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Cornucopia - The Japanese Way

The Japanese Way
Organoman

What a difference half a day makes - by which I mean 180° of longitude. And the difference is - don't say it with flowers, say it with stones! In the garden I mean, of course!!

It is thought that the craft of stonemasonry arrived in Japan along with Buddhism in the sixth century AD. So they have had a very long tradition of stone working, and if you couple that with the very rocky, mountainous terrain of that country, it is easy to understand that the Japanese are hugely sensitive to the statements that stone can make, whether worked or natural. Initially, stone-working was mainly for the foundations of temples and palaces, but as skills developed, stone lanterns, pagodas, and other religious imagery were produced. The lanterns were originally used to provide muted lighting around temples and palaces, but after several centuries, many temples fell into disuse and decay. This coincided with a massive rise in the popularity of tea culture, and the Japanese being always alert to recycling opportunities, the tea-masters of the day were quick to lay their hands on redundant stone lanterns and put them to good use as part of the ritual of the tea garden.

This ritual involved preparing guests for the tea ceremony itself, and required a cleansing of the heart and mind of all the stress and troubles of everyday life, and inducing a calm and contemplative mood before guests entered the teahouse. This was achieved by a symbolic washing of the hands and rinsing of the mouth with water provided by a stone basin, again often recycled, suitably located in the tea garden. Stone lanterns would be placed nearby to light the way if the tea ceremony was held at night.

In the early years, the tea-masters laid down very strict rules for tea gardens, decreeing that there should be no trees or shrubs, no ornamental stones, no ground cover of sand or gravel, as these were all deemed to be distractions from the contemplative mood the tea garden was supposed to instil. So there would be bare earth, which would often be muddy, and to avoid guests soiling their footwear, stepping stones formed an appropriate path to the tea house. Once again these would often be recycled, perhaps from the pillars or foundations of disused temples.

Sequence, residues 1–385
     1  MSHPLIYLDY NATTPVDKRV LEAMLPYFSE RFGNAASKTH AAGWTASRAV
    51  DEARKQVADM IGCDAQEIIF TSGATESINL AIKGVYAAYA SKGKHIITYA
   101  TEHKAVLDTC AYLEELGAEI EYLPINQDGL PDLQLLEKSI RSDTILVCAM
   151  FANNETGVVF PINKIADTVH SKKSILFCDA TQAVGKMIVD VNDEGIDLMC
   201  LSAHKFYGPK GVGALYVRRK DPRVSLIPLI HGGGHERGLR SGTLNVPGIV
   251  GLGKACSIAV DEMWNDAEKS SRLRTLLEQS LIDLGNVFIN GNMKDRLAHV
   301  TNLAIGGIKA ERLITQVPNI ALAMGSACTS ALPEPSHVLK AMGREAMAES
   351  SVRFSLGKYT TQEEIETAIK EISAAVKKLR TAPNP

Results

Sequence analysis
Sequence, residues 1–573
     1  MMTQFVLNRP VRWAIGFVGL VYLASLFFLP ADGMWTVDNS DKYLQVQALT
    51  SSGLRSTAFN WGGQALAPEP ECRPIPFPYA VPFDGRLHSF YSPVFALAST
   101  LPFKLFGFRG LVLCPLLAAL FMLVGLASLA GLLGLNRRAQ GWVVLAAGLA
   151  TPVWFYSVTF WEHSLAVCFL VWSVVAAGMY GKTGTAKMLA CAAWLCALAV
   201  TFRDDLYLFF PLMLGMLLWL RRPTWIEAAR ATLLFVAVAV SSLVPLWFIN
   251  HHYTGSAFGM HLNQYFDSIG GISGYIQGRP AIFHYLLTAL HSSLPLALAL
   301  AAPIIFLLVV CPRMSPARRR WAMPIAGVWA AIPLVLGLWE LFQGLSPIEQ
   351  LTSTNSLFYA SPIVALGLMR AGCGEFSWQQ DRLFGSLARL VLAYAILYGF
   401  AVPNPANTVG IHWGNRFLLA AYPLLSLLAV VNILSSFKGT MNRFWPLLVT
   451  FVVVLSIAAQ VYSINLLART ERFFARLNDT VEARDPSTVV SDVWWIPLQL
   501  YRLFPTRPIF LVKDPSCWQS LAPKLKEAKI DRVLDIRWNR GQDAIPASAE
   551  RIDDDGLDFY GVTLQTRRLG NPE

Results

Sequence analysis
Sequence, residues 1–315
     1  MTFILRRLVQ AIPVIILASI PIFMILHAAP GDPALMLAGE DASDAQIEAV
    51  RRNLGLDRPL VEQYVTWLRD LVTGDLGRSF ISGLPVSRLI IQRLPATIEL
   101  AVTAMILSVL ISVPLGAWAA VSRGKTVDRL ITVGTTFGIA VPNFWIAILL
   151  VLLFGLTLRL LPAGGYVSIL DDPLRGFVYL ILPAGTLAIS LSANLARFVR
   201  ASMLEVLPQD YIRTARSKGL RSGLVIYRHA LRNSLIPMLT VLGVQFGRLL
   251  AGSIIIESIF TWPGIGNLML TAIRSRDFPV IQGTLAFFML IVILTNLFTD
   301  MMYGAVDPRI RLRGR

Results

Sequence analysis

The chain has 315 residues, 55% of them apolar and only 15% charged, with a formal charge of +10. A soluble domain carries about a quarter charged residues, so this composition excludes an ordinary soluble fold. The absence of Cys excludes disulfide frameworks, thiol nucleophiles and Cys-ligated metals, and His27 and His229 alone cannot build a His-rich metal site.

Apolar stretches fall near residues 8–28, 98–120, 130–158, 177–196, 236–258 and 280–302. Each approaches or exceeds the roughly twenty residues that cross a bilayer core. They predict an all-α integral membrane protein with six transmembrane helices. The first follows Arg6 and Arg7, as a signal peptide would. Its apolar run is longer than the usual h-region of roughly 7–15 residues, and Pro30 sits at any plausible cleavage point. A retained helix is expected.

And so the preparation for the tea ceremony performed in the tea-garden called for the use of these three elements, the stone water basin, stone lantern, and stepping stones, and they became essential features of most if not all tea gardens. The whole process was intended to reflect the journey from city to a hermitage located in some remote mountain retreat. Bearing in mind the pressure on urban space, even in the middle ages, this imaginary journey had to be compressed into perhaps no more that an alleyway down the side of the house, allotted to the tea garden. Indeed, in 1477, Hannyabo Tessen, chief priest of the Ryoan-ji, wrote that “thirty thousand leagues should be suppressed into but a single foot”. This was perhaps a slight overstatement, but clearly demonstrated the problem.